The Ilocos Sur capital, Vigan City, first got its name from the Chinese settlers who originally called the area Bee Gan which means “Beautiful Shore.” When the Spanish came they spelled the Hokkien Chinese name, exchanging B for V, and wrote Bee Gan as Vigan, which is still the name used to this day.

The influence of both Spanish and Chinese can also be appreciated in the architectural fusion of old buildings that have been preserved and have also earned it a place in the UNESCO World Heritage Site List.

Crisologo St., in the Mestizo District, houses the finest surviving examples of a Spanish Colonial town — cobblestone streets, two strorey buildings made of stone on the ground floor and wood with capiz-shell windows on the first floor. Explore closely by either walking the length of the busy street or hiring a horse-drawn carriage, called a calesa, to take you directly to the must-sees which are spread in the grid of streets between Plaza de Burgos and Liberation Boulevard. Some of the buildings are now hotels, shops, restaurants, musuems and private residences.

Aside from the old part of town, Vigan has a little-known surf scene. Head down to the area around Playa de Oro and Choco Surf Point if you are looking to catch some waves and prefer some place a little less crowded than the more popular surf spots in the Philippines. You will most likely be surfing by yourself here in some pretty good waves.

Where to eat in Vigan?

As Vigan is a popular destination among tourists and most of its sights are concentrated in a small area, one must be cautious of tourist traps. At the time of writing, McDonalds was listed as the 5th best restaurant on Trip Advisor, which made us wonder. The popular Cafe Leona is an easy choice and if you can ignore the rushed, impersonal service and limited dessert selections, it may be worth a quick bite. Here you can treat yourself to the traditional Ilocos longganisa and bagnet, as well as an extremely wide variety of foreign cuisines, such as Japanese and Italian.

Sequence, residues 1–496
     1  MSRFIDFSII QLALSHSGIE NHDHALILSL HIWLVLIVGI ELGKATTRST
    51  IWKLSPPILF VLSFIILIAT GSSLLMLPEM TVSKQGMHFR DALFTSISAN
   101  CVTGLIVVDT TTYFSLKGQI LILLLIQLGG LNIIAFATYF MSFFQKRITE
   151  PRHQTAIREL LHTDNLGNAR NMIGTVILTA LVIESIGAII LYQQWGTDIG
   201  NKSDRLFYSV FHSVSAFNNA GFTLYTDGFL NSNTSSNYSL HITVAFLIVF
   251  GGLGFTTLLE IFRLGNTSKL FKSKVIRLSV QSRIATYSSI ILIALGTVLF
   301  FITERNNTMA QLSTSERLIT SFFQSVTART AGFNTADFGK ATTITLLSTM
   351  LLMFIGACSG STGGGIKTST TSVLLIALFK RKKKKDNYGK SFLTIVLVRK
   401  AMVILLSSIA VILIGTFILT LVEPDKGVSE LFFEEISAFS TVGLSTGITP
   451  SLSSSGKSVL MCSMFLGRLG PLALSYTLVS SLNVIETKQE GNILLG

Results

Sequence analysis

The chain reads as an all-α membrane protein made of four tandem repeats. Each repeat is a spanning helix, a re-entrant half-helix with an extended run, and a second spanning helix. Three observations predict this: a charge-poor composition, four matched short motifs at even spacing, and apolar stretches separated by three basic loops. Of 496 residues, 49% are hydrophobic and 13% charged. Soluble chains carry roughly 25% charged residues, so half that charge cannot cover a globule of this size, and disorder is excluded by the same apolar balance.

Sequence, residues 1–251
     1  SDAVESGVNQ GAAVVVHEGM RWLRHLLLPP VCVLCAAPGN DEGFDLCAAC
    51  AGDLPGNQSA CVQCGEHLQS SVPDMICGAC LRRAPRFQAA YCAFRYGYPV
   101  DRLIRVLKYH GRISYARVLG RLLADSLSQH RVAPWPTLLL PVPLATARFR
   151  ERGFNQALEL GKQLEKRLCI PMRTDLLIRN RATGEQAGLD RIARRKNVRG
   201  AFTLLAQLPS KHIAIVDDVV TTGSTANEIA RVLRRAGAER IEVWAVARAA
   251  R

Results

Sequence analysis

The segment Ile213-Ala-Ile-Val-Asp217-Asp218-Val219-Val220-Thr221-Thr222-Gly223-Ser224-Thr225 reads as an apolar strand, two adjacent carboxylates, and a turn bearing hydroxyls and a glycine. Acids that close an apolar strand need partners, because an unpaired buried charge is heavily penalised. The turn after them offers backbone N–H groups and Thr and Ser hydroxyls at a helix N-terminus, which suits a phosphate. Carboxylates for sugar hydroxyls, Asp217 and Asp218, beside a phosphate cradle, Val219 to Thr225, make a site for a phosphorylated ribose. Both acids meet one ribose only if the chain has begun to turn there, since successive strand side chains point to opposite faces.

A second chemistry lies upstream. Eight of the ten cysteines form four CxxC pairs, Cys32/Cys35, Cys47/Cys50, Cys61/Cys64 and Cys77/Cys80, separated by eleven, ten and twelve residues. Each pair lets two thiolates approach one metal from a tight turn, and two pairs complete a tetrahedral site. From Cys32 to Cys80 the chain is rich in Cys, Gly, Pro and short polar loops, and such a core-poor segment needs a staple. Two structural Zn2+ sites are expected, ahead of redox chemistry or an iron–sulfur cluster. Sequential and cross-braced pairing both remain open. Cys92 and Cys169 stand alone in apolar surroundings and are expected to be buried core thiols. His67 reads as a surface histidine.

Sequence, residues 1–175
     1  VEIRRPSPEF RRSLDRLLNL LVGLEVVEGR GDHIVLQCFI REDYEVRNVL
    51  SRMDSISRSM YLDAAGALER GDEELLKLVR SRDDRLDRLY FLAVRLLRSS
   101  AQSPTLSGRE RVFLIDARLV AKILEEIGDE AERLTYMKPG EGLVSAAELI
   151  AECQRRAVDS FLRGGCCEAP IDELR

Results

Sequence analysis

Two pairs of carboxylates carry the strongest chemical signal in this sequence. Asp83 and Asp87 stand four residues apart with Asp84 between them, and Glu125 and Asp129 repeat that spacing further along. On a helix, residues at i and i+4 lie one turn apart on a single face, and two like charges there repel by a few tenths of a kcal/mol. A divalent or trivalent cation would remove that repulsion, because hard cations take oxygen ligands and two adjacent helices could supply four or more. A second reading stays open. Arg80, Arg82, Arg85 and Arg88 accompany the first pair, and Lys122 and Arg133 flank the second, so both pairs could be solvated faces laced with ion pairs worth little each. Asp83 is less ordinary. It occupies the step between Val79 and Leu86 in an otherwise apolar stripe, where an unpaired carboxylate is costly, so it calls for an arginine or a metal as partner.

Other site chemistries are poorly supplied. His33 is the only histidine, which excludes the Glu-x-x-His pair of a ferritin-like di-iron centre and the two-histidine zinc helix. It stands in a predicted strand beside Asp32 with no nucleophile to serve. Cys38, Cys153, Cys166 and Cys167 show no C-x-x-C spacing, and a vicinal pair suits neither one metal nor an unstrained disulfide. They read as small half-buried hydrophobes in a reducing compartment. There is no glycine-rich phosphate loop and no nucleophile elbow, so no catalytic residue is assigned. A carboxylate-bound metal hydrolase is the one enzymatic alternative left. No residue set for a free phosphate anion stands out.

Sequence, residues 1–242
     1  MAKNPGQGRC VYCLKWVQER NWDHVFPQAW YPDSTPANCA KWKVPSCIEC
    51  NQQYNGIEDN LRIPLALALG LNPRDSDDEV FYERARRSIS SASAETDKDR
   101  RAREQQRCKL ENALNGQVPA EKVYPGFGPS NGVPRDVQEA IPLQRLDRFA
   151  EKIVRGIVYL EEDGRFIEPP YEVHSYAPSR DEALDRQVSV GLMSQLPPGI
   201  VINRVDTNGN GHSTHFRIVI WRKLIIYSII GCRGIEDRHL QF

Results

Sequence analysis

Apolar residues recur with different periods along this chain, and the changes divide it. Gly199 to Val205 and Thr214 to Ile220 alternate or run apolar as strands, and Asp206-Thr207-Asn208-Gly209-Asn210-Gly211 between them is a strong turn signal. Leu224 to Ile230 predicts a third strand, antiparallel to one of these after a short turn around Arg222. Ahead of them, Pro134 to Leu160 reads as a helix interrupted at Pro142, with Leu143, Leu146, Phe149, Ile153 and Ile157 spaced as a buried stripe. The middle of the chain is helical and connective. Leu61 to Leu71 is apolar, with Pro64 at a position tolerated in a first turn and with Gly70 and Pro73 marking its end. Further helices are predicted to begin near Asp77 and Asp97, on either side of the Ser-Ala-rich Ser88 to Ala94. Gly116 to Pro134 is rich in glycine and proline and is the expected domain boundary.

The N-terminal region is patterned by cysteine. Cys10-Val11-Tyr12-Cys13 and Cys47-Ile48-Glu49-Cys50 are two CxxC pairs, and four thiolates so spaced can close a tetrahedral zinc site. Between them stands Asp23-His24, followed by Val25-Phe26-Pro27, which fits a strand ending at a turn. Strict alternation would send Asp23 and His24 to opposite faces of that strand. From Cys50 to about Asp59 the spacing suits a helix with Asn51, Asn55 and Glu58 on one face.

Unfortunately, the lack of good service and quality of food should not come as a surprise in many of the recommended places catering to the tourist masses, but seeing tempura, bento boxes, pasta and pizza next to the more traditional options, makes one wonder what the real specialty is.

Our pick for a better meal, quieter atmosphere and more personal and pleasant service would definitely have to be St. Marthas Cafe, located in the Ciudad Fernandina Vigan Hotel.

Coffee Break Vigan is also worth checking out to cool off and satisfy your sweet tooth while stroling around Crisologo St.

If architecture is your thing and you have bagnet and / or longganisa cravings then Vigan is definitely worth the trip!

Mayoyao Rice Terraces

The Mayoyao rice terraces are situated a (roughly) 2 hour ride to the east of Banaue.  They are probably the least visited of the 5 rice terraces in the Unesco World Heritage list, and when one visits the town, the reasons for this, become more than apparent.

The rice terraces in Mayoyao are perhaps some of the most spectacular, however, the lack of food and lodging options in the town, and the fact that they are a little out of the way for most visitors, make them an “off the beaten path” attraction that should definitely not be.